To help me figure out what was going on. I decided to research middle names and their history. From what I read, middles names were not used in the United States until after the Revolutionary War. At that point wealthy families began to give their children middle names. By the time of the Civil War, middle names were common.
Parents pick middles names for their children in a variety of different ways. Some use a family name like the mother’s maiden name or the names of the father and mother’s parents. Others use a name that they like, but would not make a good first name. Another choice is to pick the first or last name of an individual they would like to honor.
So what about my two uncles and their middle names? Two of my blog entries shed some light on where those names came from. While working on the blog about my grandmother’s wedding (#17—Gertrude Richards—Saying I Do?), I found the announcement in the newspaper and among the guests were several Fishers—“Mr. and Mrs. Irving Fisher, Dr. Fisher, Mr. and Mrs. Nathaniel Fisher.” With a little more research, I found that the Richards and Fishers were cousins and that they were both in the same business—shoes. Hence William Richards’s middle name came from a relative, and one that coincidently, was in the same business.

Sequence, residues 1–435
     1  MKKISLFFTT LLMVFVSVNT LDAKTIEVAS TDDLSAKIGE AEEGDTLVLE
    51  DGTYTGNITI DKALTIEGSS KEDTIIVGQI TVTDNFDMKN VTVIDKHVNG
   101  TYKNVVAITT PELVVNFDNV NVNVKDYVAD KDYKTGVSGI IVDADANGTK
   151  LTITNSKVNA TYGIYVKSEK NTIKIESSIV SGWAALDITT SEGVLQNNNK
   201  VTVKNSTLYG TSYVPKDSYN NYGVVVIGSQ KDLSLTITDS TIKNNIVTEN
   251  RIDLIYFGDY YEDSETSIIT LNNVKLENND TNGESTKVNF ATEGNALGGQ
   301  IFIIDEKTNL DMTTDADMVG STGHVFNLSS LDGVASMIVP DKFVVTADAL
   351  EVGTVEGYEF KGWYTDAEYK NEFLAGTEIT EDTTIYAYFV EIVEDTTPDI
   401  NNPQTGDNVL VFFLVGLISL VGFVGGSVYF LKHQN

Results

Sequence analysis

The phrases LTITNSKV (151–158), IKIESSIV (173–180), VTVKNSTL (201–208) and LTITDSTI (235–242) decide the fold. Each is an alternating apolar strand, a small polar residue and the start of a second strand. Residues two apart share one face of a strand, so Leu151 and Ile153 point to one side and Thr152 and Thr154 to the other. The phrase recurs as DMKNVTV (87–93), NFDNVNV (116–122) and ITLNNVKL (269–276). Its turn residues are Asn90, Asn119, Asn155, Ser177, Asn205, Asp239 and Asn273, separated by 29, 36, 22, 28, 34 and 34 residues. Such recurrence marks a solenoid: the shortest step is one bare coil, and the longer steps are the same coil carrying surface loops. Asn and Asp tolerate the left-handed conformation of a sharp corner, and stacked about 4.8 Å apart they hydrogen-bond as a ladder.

I really stumbled upon the source of Chester Richards middle name. I was working on my entry about my great grandfather, Abiathar Richards and his shoe business (i#29 Abiathar Richards --Do You Have a Glass Slipper?), when I found an article that talked about his very early years in the shoe business. It appears that J. D. Ingersoll was one of the first people he worked for in the shoe business and I assume that Chester’s middle name was chosen to honor him.
So it appears that William’s middle name came from a relative, and William’s from a business associate.